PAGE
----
Bilberry goat

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A big dirty goat with long curly horns rests in the long grass on top of a hill.
Bilberry goat at rest in the winter morning sun.
A wild goat with huge horns walks through the grass on a winter morning.
A Bilberry goat forages around in the morning

The Bilberry goat (Irish: Fiaghabhar na bhFraochán) is a breed of feral goat (Capra aegagrus hircus) which is believed to have lived in one herd on Bilberry Rock in Waterford City in the south of Ireland for hundreds of years.[1]

Unlike any other breed found in Ireland, the Bilberry herd is thought to be related to Pashmina, Maltese or Cashmere goats.[2] Locals believe they came over with the Huguenots from France over 300 years ago and have lived on Bilberry Rock ever since.[3]

The goats are feared close to extinction; numbering only 7 in the year 2000 and 21 in 2005.[4] A group of volunteers formed the Bilberry Goat Heritage Trust in 2000 to protect and support the herd. The population has continued to recover and reached 42 in 2008.[5][6][7] The herd is led by a dominant nanny. Bilberry goats are large, with shaggy coats and very large horns. Two members of the British Feral Goat Society, Dr.Shirley Goodyer and Dr. Ray Werner, together with Robert-Jan Prins, a breeder of Dutch Landrace goats,[8] reported that they were “amazed to see a primitive herd still living in the wild”, and that the goats are a “unique ancient breed.”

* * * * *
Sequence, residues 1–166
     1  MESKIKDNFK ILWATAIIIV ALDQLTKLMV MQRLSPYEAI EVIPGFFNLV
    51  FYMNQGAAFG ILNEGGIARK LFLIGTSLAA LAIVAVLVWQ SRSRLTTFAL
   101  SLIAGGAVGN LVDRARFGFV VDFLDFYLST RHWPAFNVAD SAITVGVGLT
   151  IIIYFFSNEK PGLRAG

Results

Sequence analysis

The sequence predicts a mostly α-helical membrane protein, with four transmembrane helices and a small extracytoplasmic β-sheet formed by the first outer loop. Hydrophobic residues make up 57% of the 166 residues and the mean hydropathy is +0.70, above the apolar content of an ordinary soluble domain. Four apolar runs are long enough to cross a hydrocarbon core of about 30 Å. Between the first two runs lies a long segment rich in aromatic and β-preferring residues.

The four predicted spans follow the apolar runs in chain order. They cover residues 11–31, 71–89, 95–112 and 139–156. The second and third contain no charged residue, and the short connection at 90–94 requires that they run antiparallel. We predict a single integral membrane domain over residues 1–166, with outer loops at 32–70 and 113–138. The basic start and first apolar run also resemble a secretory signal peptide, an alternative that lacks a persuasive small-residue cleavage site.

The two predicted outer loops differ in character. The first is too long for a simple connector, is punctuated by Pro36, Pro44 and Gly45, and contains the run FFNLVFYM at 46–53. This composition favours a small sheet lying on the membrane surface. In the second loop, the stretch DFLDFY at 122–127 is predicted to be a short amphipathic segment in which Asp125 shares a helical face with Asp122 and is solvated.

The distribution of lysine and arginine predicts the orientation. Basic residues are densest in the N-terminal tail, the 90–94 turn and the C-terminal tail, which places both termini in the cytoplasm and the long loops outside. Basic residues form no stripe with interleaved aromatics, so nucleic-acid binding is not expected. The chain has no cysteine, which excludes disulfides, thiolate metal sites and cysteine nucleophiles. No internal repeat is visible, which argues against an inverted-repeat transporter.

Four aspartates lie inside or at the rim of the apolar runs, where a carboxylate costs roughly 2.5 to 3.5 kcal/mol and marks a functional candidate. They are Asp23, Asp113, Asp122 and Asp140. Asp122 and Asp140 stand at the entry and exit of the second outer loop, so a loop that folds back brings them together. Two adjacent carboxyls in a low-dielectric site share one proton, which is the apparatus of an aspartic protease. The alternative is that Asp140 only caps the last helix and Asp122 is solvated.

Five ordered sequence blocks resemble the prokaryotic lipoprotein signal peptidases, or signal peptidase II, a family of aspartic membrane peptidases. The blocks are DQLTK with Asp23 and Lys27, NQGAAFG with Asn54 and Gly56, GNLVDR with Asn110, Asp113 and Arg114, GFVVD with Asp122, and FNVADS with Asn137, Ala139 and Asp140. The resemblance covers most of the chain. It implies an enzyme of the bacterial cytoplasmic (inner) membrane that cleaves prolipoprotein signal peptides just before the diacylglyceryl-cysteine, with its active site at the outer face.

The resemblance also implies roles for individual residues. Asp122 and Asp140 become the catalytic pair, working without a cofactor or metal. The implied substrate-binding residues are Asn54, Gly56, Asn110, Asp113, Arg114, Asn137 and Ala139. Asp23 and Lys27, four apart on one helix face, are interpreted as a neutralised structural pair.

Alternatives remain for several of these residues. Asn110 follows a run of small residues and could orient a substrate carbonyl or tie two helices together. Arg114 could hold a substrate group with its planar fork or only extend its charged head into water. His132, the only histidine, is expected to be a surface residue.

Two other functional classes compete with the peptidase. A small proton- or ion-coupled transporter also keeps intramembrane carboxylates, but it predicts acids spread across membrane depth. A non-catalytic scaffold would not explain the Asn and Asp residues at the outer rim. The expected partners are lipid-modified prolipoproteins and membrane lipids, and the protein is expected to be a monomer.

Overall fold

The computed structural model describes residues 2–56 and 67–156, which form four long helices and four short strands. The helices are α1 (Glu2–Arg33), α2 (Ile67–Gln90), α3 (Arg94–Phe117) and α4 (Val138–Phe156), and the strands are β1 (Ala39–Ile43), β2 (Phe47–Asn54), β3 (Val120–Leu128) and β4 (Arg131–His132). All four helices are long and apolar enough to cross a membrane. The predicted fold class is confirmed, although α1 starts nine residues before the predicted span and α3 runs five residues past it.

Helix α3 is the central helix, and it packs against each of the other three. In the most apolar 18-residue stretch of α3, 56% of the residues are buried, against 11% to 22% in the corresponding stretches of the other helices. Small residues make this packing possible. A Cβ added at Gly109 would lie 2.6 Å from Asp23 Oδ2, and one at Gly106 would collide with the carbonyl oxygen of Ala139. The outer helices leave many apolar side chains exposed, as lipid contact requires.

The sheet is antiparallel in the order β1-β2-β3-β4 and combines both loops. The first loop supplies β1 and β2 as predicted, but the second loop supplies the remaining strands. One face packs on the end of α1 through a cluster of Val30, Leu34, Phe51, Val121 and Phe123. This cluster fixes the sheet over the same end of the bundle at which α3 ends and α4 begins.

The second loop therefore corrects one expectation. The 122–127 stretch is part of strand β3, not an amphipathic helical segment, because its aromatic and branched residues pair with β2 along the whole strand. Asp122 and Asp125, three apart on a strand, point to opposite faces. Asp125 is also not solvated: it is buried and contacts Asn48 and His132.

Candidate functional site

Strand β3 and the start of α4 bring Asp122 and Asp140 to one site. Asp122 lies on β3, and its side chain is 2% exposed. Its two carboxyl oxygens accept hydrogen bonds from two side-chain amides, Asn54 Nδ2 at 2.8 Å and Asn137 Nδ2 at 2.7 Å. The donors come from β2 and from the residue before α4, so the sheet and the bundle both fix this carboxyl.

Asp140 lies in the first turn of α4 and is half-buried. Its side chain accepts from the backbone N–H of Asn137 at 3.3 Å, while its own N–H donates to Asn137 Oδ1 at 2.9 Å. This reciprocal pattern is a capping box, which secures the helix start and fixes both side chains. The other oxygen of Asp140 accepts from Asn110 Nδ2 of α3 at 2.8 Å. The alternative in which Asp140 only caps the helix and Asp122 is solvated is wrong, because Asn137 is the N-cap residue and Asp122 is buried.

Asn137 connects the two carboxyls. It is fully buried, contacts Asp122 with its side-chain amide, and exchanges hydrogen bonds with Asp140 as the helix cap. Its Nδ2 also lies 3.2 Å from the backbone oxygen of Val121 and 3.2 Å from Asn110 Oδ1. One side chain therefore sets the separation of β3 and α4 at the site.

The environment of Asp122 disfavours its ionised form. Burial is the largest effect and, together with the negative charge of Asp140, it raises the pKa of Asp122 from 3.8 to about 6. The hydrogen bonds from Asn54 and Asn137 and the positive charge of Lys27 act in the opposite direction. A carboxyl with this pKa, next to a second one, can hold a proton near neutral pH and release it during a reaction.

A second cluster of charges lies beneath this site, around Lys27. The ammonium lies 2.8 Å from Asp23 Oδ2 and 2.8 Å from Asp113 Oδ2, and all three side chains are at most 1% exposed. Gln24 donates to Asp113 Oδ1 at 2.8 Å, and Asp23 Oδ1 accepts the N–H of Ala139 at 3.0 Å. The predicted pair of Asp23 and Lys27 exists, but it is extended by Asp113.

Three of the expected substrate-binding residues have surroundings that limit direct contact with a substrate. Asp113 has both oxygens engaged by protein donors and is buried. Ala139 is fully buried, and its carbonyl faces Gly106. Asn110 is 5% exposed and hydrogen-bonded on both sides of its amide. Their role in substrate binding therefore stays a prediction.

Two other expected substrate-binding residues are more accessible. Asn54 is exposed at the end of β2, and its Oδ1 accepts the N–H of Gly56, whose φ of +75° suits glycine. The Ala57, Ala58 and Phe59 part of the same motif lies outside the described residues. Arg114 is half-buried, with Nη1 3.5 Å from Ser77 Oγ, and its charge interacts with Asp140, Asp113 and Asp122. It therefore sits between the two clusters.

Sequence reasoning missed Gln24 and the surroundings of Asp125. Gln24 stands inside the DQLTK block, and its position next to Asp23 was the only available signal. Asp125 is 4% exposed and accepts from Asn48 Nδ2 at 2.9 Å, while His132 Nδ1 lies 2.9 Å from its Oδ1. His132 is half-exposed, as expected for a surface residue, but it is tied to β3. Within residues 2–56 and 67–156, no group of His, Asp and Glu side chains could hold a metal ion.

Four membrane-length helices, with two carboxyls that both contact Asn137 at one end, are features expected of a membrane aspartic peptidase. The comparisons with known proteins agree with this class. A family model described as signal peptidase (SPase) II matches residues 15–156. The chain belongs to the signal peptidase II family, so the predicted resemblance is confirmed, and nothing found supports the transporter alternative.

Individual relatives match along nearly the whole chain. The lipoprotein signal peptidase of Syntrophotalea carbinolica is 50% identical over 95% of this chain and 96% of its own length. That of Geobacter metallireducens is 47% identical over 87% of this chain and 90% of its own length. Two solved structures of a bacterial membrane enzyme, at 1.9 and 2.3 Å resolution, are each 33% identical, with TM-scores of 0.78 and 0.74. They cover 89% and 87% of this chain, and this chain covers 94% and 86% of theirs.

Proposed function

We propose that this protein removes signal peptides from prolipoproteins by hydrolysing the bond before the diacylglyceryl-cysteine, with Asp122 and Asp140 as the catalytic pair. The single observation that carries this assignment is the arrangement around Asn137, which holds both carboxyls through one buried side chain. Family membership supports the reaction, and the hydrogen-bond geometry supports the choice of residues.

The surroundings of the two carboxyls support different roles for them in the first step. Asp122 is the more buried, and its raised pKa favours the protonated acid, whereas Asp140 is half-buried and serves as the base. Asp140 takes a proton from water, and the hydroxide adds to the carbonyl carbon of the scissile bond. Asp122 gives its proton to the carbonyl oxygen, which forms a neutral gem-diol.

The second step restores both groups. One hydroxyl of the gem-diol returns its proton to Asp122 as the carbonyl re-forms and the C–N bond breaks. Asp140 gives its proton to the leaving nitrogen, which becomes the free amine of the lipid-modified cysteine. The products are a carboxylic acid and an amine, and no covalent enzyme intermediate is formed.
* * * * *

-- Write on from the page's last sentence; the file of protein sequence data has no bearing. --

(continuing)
A row of newly built yellow houses seen at a slightly off angle through a construction site fence.
Example of 2009 housing development just beyond the habitat of the goats.
A big shaggy goat with long horns eats its grass on top of a hillside in view of several dual carriageways.
The goats overlook the main roads and the river Suir

The Bilberry Goat Trust was set up to protect these goats from extinction. The 14-acre (5.7 ha) piece of land where they graze used to be a commonage but was sold to a developer who wanted to build houses on the whole area. This would render the Bilberry Herd extinct and appeals were made sparking publicity.[9] Zoning authorities decided to reduce the goats' area to 12.5 acres (51,000 m2).[10] The Irish Wildlife Trust is actively involved in the campaign.[11][12] The feral goat is not a protected species and Bilberry Rock is not a Natural Heritage Area under the Wildlife Act 2000.



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